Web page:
Maximalist Design According to TikTok


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Recently, Sam Reece of Shitty Craft Club took TikTok on a shitty decor tour of her Los Angeles apartment. On the wall there’s a pink bodega bag that reads “Thank You” in an early-’90s Brush Script font (she has a tattoo of the same on her arm); a beaded hot dog, a beaded bagel (everything, ICYWW), and a blingy beaded shrimp; a “shitty” beaded wreath (her adjective, not mine); a shelf for glasses made from repurposed IKEA box packaging materials (a.k.a. trash); and much, much more.

Photo: Lizzie Darden Publisher: Chronicle Books

“There are 10,000 more things I could show u,” Reece captioned the post, and judging by the craft-packed background of the video, she is only exaggerating a little bit. In fact, there’s enough to fill a literal book.

“I love the energy and colors,” commented one user.

“Your home inspires me to be a lil craft gremlin in my own place,” commented another.

In the wake of design trends marked by so much of the same—the muted tones of minimalism or the tyrannical terrazzo of the millennial aesthetic—it seems like people are desperate for some distinctness; decor that speaks in a scream, rather than a whisper; a style that communicates who you are, not what you can afford. If understated dominated that past decade, we’re entering the heyday of maximalism.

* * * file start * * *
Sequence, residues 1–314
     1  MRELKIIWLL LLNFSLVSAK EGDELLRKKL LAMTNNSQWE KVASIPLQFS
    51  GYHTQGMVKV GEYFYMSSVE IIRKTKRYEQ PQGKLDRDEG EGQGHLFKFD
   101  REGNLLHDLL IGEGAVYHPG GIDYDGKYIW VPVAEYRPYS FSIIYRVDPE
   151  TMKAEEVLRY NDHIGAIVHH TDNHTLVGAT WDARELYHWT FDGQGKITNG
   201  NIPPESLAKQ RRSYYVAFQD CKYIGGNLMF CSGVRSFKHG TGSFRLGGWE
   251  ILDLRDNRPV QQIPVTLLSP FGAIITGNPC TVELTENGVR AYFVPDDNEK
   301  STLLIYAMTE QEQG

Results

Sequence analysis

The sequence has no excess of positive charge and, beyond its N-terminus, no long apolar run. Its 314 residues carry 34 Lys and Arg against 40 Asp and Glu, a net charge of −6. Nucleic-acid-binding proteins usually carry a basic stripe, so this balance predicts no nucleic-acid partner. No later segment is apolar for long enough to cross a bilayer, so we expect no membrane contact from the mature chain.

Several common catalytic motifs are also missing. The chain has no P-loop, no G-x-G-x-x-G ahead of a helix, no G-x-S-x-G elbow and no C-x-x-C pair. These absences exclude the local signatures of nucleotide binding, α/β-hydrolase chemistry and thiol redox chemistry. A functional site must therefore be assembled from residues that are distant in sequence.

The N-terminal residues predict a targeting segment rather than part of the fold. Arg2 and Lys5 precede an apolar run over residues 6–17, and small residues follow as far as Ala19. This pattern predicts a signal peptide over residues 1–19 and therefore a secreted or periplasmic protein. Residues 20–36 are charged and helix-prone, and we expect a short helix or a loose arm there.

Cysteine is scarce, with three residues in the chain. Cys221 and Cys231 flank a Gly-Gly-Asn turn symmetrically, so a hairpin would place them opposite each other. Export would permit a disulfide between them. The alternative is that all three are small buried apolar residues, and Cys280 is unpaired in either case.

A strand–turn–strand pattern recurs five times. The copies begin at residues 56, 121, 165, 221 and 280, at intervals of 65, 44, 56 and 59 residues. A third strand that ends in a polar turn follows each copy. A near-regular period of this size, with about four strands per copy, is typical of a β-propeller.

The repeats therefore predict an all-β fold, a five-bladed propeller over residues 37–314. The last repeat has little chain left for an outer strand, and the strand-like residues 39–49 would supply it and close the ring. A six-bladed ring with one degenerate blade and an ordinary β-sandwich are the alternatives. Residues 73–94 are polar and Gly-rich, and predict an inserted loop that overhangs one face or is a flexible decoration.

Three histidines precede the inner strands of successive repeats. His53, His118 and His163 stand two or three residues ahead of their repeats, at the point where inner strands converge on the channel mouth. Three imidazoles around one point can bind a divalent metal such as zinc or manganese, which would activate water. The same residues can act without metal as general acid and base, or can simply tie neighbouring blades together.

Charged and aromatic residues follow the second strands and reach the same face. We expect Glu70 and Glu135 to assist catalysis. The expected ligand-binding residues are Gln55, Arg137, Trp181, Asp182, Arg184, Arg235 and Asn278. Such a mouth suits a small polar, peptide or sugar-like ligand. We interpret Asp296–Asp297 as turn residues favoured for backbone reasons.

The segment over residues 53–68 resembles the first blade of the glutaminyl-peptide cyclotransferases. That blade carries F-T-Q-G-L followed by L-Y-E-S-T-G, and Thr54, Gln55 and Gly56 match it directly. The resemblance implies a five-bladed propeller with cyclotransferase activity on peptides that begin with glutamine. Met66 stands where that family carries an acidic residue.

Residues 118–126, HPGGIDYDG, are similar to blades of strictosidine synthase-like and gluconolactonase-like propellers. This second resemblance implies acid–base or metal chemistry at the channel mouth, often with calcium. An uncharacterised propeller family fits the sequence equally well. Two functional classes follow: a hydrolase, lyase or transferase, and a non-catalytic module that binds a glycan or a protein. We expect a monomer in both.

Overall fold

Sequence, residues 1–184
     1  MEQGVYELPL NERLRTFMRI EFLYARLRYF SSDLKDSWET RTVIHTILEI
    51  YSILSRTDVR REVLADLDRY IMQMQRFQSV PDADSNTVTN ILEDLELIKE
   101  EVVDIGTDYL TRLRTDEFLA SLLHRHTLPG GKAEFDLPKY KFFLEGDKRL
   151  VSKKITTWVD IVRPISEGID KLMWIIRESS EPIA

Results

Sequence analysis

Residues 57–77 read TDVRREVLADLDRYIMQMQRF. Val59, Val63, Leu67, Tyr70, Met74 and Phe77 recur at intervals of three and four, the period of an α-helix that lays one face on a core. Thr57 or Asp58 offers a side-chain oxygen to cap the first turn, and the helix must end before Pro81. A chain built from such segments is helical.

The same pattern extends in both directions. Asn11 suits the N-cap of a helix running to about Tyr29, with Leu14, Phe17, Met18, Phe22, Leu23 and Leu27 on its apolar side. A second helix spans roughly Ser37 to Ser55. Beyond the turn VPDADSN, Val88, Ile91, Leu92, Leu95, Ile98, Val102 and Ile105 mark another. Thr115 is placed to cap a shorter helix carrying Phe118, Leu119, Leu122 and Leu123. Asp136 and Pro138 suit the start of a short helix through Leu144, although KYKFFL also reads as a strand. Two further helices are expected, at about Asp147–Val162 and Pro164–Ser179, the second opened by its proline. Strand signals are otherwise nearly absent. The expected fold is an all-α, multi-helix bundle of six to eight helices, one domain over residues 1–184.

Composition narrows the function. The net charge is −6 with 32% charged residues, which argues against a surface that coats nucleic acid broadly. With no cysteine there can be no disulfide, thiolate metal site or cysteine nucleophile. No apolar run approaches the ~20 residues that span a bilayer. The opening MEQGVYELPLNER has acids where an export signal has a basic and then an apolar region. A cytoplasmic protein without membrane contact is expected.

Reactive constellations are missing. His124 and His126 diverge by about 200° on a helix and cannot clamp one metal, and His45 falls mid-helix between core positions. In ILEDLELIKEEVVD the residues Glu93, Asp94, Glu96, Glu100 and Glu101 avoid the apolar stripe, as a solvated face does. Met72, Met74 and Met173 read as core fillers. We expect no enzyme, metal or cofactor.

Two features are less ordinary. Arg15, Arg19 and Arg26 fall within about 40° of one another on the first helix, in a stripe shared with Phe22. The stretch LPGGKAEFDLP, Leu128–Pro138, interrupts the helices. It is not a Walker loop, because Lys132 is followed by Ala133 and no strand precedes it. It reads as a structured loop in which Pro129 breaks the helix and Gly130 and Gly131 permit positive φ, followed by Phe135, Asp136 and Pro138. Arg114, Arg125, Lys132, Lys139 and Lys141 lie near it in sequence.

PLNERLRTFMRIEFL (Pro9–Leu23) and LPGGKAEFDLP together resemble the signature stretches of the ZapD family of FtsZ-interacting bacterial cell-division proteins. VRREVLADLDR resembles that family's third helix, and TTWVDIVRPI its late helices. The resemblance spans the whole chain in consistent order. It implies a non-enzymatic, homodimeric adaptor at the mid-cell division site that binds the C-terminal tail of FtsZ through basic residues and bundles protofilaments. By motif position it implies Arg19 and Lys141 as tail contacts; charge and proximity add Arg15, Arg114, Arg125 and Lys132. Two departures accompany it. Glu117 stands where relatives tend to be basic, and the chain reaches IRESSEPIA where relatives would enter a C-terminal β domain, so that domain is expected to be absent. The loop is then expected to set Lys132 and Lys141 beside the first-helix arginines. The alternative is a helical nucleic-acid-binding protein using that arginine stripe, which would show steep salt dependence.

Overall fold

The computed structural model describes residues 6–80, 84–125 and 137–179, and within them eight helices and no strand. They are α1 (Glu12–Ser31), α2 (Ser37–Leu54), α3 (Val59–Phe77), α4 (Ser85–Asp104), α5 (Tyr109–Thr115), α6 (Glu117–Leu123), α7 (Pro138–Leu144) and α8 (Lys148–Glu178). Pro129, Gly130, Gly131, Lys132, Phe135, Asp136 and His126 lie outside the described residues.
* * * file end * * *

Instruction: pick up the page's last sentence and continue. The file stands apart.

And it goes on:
So, what does the “more is more” aesthetic look like? How can achieve it on your own? TikTok’s favorite maximalist DIY’ers and designers are happy to share their very personal approaches.

Many minimalist rooms look alike, but each maximalist room is maximalist in its own way.

Form over function

Whereas minimalism has a utilitarian bent—design choices are grounded in specific functions— maximalism feels irreverent and frivolous by comparison. A maximalist design incorporates more color, more texture, and more elements for the sake of the emotions they provoke, rather than the purpose they serve. Take it from San Francisco–based designer and DIY creator Tay BeepBoop, whose bold decors perfectly capture the maximalist trend. “I want any given space I help create to foster unbridled joy,” said BeepBoop. “My aesthetic is all about color.”

Peek inside her 120-year-old home, which BeepBoop has been slowly remodeling, and the joyful vibe is omnipresent, from the swirly, multicolored mural to the mustard bathroom with rococo accents. Or her forest-themed bedroom, which manages to be color, texture-rich, and relaxing all at the same time.

BeeBoop’s space is full of color and pattern.

Photo: Tay BeepBoop

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Alexandra Williams
Alexandra Williams
Alexandra Williams is a writer and editor. Angeles. She writes about politics, art, and culture for LinkDaddy News.

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